What to Wear
When traveling with a child with autism or sensory processing disorder, what you dress your child in can make a difference in your trip. Make sure they are comfortable since they’ll probably be in these clothes for a while. Dress in layers to plan accordingly for each climate you’ll encounter. Try having your child wear a Compresso-T. It will help keep them calm and better able to manage their anxieties and sensory input.
ESTABLISH GROUND RULES
Create Realistic Expectations
Know what your children can handle and what they will not be able to handle. You may need to add extra stops into your itinerary or perhaps travel over multiple days. Don’t pack too much into your day to overwhelm kids.
Discuss the House Rules
Make sure your children know what will be expected of them at all locations – how to behave on a plane or in a hotel or even what special rules Grandma has at her house. Knowing what is expected up front will help them to follow along with your expectations.
Tablets, phones or other electronic devices provide touch, visual and audio input for children. Remember a set of headphones and a pair of sunglasses to help those sensitive to bright light. Download age-appropriate games ahead of time, or make sure your data plan will be sufficient for your entire trip. You can also bring a data hotspot. Ensure that all your devices are charged and that you’ve brought extra chargers, especially if you are sharing devices with your children. You won’t want to be in a jam if the kids used up all the battery playing games just when you need your map app to get you to your next stop.
Pack Your Sense of Humor
The best travel tip for parents of young children is just to make the trip fun for you and your kids. Laugh with your kids and tell jokes. Make up road trip games to play together along the way. It will make the trip more fun, enjoyable and memorable for you and your kids.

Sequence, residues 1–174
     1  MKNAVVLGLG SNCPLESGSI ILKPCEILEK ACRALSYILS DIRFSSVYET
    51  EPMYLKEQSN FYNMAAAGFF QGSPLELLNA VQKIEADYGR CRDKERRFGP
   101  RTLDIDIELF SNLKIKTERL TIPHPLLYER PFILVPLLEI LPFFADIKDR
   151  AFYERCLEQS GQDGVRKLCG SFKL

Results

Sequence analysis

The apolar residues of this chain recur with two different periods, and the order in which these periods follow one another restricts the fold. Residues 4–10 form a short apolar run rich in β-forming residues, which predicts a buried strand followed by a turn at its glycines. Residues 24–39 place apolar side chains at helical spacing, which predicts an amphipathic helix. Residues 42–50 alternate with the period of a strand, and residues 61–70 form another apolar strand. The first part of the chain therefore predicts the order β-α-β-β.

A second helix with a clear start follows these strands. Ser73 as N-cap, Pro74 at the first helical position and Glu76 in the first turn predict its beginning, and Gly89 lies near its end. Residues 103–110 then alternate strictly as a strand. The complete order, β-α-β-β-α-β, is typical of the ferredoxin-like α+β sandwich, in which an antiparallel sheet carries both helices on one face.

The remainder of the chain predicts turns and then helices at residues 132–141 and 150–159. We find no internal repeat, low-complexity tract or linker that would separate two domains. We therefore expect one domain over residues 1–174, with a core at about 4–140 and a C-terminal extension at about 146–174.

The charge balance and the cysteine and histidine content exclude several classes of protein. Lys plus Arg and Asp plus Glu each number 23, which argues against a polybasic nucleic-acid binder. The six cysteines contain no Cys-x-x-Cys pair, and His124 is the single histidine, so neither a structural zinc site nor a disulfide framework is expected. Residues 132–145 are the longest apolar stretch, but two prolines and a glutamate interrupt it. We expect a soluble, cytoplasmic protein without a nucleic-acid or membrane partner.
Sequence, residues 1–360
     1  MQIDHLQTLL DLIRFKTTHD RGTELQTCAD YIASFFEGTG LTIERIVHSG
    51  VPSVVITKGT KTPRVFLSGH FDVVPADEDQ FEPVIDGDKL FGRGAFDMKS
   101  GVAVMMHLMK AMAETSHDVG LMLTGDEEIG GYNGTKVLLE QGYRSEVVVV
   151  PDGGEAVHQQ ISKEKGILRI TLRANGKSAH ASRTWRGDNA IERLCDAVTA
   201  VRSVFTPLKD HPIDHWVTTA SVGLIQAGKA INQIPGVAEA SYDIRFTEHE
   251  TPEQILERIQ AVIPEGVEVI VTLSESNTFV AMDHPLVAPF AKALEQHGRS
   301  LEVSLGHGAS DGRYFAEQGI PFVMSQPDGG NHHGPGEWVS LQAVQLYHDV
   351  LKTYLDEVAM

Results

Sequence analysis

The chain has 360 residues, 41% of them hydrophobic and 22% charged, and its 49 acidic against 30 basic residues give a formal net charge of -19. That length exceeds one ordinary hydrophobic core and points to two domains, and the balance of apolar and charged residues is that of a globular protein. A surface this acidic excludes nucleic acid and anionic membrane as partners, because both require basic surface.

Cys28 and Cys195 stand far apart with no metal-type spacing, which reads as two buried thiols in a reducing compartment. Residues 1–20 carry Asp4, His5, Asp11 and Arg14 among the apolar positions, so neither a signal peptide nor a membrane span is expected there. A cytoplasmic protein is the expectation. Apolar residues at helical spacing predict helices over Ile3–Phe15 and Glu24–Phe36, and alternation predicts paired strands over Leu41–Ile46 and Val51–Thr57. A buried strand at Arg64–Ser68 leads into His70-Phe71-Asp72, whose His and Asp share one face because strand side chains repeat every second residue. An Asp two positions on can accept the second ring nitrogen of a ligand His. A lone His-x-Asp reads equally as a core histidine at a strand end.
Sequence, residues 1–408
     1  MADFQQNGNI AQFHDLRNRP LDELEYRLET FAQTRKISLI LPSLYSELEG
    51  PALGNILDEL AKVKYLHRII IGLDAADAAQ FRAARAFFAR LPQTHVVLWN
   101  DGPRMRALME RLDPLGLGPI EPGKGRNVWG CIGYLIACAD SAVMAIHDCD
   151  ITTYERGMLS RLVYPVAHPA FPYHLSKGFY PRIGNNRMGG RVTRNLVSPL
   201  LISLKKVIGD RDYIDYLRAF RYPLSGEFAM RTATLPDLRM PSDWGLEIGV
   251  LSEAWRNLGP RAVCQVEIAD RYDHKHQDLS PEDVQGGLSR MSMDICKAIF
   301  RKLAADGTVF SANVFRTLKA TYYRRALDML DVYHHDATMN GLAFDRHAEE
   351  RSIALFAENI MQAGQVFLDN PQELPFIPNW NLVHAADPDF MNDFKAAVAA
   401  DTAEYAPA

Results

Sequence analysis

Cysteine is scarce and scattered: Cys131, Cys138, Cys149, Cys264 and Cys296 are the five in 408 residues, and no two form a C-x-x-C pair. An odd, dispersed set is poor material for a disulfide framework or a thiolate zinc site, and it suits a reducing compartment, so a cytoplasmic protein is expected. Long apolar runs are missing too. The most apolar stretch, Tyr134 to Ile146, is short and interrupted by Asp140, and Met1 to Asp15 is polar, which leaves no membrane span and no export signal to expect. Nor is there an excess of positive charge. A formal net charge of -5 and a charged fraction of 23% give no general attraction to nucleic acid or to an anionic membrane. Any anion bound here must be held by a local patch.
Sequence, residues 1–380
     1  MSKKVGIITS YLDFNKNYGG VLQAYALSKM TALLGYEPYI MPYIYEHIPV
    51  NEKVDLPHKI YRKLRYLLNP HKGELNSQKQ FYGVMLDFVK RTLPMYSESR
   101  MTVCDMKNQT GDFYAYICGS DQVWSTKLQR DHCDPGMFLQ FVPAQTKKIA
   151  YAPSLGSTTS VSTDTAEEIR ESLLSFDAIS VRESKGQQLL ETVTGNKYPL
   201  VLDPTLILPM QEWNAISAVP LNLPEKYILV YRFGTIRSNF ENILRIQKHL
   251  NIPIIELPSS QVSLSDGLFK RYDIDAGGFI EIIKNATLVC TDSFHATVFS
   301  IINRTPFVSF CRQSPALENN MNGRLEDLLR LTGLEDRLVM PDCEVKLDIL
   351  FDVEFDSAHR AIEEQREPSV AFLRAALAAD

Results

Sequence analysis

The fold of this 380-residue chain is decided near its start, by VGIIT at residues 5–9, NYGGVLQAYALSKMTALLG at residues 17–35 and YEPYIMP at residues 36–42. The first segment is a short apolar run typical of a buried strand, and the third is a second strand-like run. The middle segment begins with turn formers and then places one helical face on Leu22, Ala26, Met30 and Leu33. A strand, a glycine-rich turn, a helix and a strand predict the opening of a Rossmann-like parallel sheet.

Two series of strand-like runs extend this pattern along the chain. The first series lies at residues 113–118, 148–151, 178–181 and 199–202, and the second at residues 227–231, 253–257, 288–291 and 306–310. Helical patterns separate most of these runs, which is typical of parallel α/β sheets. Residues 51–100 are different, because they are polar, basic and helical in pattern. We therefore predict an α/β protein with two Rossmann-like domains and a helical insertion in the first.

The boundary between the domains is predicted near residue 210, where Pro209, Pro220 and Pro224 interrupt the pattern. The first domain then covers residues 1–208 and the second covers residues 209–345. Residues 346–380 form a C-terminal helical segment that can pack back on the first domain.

Visit Local Site for Children
Help your kids create a memory of their adventure. Visiting a playground, children’s museum or other children’s attractions while on the road will not only give them something fun to remember during your travels, but will also give your kids a chance to burn up some energy they’ve accumulated along the way.
STAY CALM AND EXPECT CHANGES OF PLANS
Don’t let yourself get discouraged with minor setbacks. There will always be things that happen – a speeding ticket or a missed connection during a layover. Take each day in stride and enjoy your trip as best as you can.
Expect Changes in Plans
It’s okay if you don’t make it to everything you wanted to do with your kids. If you stay calm and continue to have fun with what you do make it to, your kids will build happy memories of your travels. If you stress about changes, they may, too, and that’s what they’ll remember about your trip. a speeding ticket or a missed connection during a layover. Take each day in stride and enjoy your trip as best as you can.
Car and airplane travel with an autistic child, a child with sensory processing disorder, or any other child with special needs can be rewarding and enjoyable. Follow these helpful tips for your next family trip.
This article should not be used in place of advice from a medical doctor or occupational therapist.